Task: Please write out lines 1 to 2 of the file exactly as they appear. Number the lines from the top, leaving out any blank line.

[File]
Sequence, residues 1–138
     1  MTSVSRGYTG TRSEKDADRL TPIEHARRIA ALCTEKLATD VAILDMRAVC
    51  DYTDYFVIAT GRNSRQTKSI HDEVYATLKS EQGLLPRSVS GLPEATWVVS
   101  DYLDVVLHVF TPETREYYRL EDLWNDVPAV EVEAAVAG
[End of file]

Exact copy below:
Sequence, residues 1–138
     1  MTSVSRGYTG TRSEKDADRL TPIEHARRIA ALCTEKLATD VAILDMRAVC